Is the Bangladeshi Spring morphing into a national Islamophobia?

spring

Almost 42 years since Bangladesh won independence from Pakistan, the ghosts of the bloody 1971 liberation war still haunt the nation. The bloodletting, rape and torture inflicted by Pakistani militias prevent many Bengalis to this day from treating the country’s road to freedom as just a tragic tale of the past.

Today, a mass movement of young revolutionaries spurred on by the Awami League-led government have reopened this closed chapter in the country’s history. Hundreds of thousands have assembled at Dhaka’s Shabagh Square, angered  by the life imprisonment of Abdul Quader Molla, a senior leader of the much despised opposition party Jamaat-e-Islami (JI)  who many accuse of collaborating with Pakistani soldiers in war crimes. Sparking what some commentators predict will be a political upheaval on the scale of the Arab Spring, a considerable number of Bangladeshis can no longer rest until the government’s International Crimes Tribunal declares capital punishment for every single JI leader indicted for crimes against humanity.

Dubbing the Shabagh protest a ‘Bangladeshi Spring’ may be premature, but it’s certainly shone the spotlight on the country’s secular-religious divide. For millions of Bangladeshis, JI and their offshoots are nothing but a stain on the national pride. Founded in 1941 by Islamist ideologue Abul Ala Maududi, its members opposed the independence of Bangladesh in 1971 (then East Pakistan), fearing secession would jeopardise the prospect of a strong Islamic government. Since then, they have remained as Bangladesh’s foremost conservative Islamic party, boasting strong support across financial, educational and media institutions.  Their alliance with the Bangladesh Nationalist Party (BNP)[vi] in the 2008 general election was not received well by most Bengalis who viewed the coalition as an opening for treacherous war criminals to extend greater influence in the country. Now, the country’s youth are calling for Islamists to be removed from the political process and their representation at grassroots levels to be quelled altogether.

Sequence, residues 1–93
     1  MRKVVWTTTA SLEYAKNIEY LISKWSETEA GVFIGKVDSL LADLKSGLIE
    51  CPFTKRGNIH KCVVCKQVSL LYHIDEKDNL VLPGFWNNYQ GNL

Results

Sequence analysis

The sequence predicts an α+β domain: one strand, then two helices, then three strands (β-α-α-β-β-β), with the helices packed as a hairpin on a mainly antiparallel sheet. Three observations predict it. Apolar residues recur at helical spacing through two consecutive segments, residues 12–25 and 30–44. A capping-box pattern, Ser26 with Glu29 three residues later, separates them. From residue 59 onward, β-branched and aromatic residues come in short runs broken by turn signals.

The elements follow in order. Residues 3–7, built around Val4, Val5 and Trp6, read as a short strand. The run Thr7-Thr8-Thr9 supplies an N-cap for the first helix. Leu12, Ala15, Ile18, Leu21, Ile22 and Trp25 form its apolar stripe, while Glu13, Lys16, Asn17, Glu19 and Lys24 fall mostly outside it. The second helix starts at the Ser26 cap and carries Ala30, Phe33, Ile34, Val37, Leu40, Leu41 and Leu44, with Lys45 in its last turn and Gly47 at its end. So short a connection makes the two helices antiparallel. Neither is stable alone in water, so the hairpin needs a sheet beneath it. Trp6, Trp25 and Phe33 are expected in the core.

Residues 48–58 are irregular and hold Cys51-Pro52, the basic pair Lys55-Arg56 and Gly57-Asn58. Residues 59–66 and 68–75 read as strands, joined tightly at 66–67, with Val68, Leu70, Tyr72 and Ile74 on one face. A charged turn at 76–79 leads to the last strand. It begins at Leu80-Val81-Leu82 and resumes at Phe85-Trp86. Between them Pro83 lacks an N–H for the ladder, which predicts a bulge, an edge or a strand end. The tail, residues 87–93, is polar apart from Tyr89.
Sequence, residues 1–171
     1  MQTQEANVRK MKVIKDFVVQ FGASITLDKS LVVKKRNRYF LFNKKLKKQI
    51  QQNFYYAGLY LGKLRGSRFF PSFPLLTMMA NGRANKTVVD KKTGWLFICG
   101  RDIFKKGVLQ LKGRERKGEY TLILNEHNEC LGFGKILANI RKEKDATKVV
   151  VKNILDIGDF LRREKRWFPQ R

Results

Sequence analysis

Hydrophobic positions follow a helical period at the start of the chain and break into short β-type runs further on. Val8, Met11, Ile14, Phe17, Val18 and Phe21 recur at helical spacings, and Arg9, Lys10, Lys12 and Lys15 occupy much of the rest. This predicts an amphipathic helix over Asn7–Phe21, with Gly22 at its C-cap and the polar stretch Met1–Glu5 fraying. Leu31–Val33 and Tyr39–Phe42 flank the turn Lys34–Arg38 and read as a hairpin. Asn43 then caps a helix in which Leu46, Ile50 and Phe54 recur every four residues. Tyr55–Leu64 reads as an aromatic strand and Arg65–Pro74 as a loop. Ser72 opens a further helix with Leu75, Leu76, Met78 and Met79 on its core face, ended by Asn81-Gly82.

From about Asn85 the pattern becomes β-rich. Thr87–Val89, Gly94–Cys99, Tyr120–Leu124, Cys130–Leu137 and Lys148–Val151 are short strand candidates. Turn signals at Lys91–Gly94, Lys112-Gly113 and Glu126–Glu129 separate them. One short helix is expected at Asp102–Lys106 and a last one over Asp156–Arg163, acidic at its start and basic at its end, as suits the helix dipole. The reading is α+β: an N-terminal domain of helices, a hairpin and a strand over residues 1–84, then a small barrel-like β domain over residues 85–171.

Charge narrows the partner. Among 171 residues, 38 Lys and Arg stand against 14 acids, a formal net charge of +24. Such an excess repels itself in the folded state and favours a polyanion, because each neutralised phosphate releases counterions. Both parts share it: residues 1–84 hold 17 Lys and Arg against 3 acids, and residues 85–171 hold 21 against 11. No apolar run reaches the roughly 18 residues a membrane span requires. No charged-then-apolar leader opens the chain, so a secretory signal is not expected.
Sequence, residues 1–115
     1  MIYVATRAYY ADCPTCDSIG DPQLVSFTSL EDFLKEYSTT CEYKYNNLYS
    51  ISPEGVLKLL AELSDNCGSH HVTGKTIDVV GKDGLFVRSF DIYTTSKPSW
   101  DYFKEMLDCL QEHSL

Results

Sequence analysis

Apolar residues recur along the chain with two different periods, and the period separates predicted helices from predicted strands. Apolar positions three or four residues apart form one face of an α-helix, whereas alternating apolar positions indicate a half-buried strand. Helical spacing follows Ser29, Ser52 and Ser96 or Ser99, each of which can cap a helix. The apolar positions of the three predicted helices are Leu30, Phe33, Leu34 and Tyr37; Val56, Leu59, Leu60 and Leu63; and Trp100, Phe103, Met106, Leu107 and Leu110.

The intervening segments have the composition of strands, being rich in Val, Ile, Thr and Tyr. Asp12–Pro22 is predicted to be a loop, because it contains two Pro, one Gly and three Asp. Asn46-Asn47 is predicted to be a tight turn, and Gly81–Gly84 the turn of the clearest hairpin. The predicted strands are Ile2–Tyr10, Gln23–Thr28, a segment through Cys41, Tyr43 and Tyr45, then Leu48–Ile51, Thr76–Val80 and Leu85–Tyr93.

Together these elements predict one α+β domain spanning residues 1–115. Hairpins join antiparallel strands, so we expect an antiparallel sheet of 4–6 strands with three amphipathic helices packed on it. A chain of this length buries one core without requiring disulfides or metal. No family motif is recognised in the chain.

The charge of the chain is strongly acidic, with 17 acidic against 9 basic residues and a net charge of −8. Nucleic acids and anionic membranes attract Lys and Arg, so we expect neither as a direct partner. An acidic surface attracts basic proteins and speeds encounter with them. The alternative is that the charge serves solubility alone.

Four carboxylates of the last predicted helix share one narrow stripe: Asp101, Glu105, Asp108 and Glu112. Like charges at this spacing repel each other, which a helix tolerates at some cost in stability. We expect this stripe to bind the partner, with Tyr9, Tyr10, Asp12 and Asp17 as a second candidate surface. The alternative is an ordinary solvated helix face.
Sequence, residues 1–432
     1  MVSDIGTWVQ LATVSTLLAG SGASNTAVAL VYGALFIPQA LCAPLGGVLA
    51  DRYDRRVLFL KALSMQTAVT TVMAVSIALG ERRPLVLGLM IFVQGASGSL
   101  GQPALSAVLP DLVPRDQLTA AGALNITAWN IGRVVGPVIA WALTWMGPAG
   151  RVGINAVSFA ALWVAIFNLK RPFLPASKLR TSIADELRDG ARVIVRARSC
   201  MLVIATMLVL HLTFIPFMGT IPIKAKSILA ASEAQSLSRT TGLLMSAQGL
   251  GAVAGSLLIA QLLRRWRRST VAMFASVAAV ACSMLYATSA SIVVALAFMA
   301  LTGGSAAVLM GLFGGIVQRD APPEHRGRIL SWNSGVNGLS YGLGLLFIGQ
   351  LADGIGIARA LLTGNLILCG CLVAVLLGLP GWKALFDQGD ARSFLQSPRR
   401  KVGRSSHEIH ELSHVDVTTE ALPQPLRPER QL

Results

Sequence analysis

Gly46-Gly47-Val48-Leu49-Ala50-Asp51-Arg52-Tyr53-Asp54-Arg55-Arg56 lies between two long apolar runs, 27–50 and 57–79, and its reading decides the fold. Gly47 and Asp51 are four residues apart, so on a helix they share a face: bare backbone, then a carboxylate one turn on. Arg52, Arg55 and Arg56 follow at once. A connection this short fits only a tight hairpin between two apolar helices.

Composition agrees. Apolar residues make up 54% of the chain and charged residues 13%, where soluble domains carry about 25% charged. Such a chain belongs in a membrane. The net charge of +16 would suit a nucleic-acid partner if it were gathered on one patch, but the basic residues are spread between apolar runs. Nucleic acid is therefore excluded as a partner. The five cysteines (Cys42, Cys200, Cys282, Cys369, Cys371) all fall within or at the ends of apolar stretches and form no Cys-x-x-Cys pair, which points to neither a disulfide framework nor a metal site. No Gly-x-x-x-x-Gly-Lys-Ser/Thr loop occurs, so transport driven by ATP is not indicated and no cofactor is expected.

And thousands of miles away at a community centre in Tower Hamlets, local Bengalis were singing from the same hymn sheet as those convened in Shabagh.

The chairman opening the proceedings pulled no punches when he claimed that Bangladeshis were itching to do away with Islam from the public sphere. For one of the activists, the fact that the ‘razakaars’ (traitors) during the liberation war were affiliated with the Islamist organisation Jamaat-e-Islami was no coincidence: “I’m not surprised,” he told me.

“It’s their criminal ideology which is the biggest threat to our country.”

Among other headline speakers was an aspiring councillor who rallied the audience to journey back home just to get a whiff of revolution: “We owe it to ourselves to join our people against these religious criminals and make sure they are hanged or exiled from our beloved Bangladesh”.

I wasn’t sure what to make of it to be honest. I’ve always stood aloof from my country’s domestic politics and this gathering was a bit too gung-ho and countrified for my liking. But it was clear that many felt Islam was part of the circumstances which made the war crimes possible.

Following the meeting, I caught up with a research fellow for the Bangladeshi government who travelled to London a day after clashes between authorities and Islamists which left several activists dead. After speaking on his participation in the Shabagh rally, he said nothing would be gained from bringing the nation’s “ultra-religious crazies” to heel.

“The public consensus is that Islamist groups like Jamaat-e-Islami sold our country down the river. Islam has its place in the mosque. Why is it being promoted at government levels?  This is a democracy, not theocracy,” he said.

A similar theme echoed in my discussion with a political commentator for a Dhaka-based journal. Fearing reprisals from Islamists back home for his liberal vision of Bangladesh’s future, he insisted on anonymity.

“In all my years as a journalist, I have never feared for my life until these Islamists started rearing their heads,” he said.

“Islam must not enter the political realm. It has nothing to offer except corrupting our bureaucracy further”.